Worrying is basically looking towards the future with dread, instead of looking towards the future with eager expectancy.  We all do it, and we all have done it, and even after you make this list, discard it, and make a conscious decision to let go of those specific worries, the chances are fantastic you will find a whole new list of things to worry about at some point in the future.  When that happens, you should repeat this exercise.  Worrying is a useless endeavor: all it does is leave you feeling defeated, and make you tired.  It actually accomplishes nothing, so why keep doing it?

  • Rediscover joy.

The marrow of what we really want out of life is locked inside the bones of those things which bring us joy.  Make a third list: a list of everything in your life, no matter how big or small, that actually sparks joy in you.  In case it’s been so long that you’ve forgotten what joy even feels like, these would be things that create a sense of well-being for you; things that make you feel successful or fortunate; things that make you deeply happy or cause you to brim with delight.  Your gratitude list might be a helpful jump-off point for creating this list.  Once you have your list, take some time to actually spend time with these joy-sparkers.

  • Realize that you are enough.

Re-engage with yourself.  The first question too many of us ask when attempting to “find ourselves” is “am I worthy?”  That is an adversarial tone, and we all know what such a tone gets us when we’re talking about exterior human relationships, right?  So why do we think it will go differently with interior ones?   Think about it like this: let’s say you’ve just met a new person with whom you’re considering building a friendship.  What would happen if, upon first meeting them, you introduced yourself by saying “I’m me, and I’m wondering if you’re worthy of being my friend”?  That likely wouldn’t go over terribly well, now, would it?  They would likely find you rude and pretentious, and they wouldn’t be wrong.  So why do we approach our selves that way?  The simple answer: we shouldn’t.  Enough means “occurring in such a quantity, quality, or scope as to fully meet demands, needs, or expectations.”  If you are enough, that means that you are capable of meeting whatever life throws at you halfway.  Look around at your life: you’ve made it this far.  You’re still breathing; you’re still sitting here reading this.  If you’ve made it this far, that is empirical proof that you are enough, and enough is the first important step towards plenty:  a large or sufficient amount or quality; more than enough.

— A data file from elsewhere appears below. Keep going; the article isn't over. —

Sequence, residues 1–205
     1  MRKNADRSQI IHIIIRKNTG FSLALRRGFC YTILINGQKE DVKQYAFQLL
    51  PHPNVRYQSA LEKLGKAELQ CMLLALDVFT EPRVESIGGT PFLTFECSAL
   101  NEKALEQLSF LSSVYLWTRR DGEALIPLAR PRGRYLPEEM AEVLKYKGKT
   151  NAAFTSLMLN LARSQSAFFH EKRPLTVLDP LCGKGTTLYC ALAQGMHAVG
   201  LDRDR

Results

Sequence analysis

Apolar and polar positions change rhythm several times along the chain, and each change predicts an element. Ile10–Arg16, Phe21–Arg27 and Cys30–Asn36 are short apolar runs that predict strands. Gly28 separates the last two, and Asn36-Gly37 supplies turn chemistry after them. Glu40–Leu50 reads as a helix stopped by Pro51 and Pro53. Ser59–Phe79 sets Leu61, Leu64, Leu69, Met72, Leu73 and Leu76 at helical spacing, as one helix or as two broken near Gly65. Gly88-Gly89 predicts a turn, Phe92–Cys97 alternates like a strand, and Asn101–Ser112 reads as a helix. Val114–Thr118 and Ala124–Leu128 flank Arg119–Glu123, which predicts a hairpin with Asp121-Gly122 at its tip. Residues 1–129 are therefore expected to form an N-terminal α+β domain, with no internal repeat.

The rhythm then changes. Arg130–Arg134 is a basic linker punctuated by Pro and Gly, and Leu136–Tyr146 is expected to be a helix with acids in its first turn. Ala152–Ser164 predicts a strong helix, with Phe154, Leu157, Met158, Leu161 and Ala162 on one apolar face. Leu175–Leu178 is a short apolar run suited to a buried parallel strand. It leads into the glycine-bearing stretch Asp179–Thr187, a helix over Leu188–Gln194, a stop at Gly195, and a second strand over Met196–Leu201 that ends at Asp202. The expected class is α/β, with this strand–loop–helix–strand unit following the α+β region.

Once you have found the God of Green Hope within you, you should start experiencing more joy and peace in your life.  You may find that you need to do these exercises multiple times–I certainly did–and there’s no shame in that. Don’t worry if you don’t immediately feel as though you have been filled up with joy and peace; that will come with time.  This is just the beginning, and we’ll discuss where to go from here in the next blog post in this series.

 

 

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Struggling Faith: Hopelessness

Digital artist journal page created by Connla Freyjason for Iaconagraphy, featuring digital assets from our Imramma Page Kit, available by clicking this image. (Note: link opens in new tab.)

In my last blog post, I talked about “faith ruts”, how people fall into them, and laid the foundation of a pathway out of them, kicking off this seven part blog series on Struggling Faith.  My own struggle with faith began in December 2015, with the death of the family dog.  As I said in the last post, that may seem like a small thing to cause someone to completely lose their faith, but when you are already hopeless, even the smallest of things can be enough to send you reeling into a faith chasm, because faith is the simple, pervading presence of hope.

Let’s take a deeper look at the modern definition of that word, hopeless, courtesy of Merriam-Webster:

Hopeless:  having no expectation of good or success; not susceptible to remedy or cure; incapable of redemption or improvement; desperate; despairing; incapable of solution, management, or accomplishment; impossible.

Now, you would think, if I had reached a point where my outlook was that level of bleak, I would have realized it, right? You would think that as that downward spiral began, I would have noticed the signs, and begun to take steps to turn things around.  Given all the blog posts I have written here about looking on the bright side and positive living, you would think that I, of all people, would never have allowed myself to reach such a state.  Yes, you would think so, yet, there I was. I was hopeless, and I didn’t even realize it, until the bottom dropped out from under me.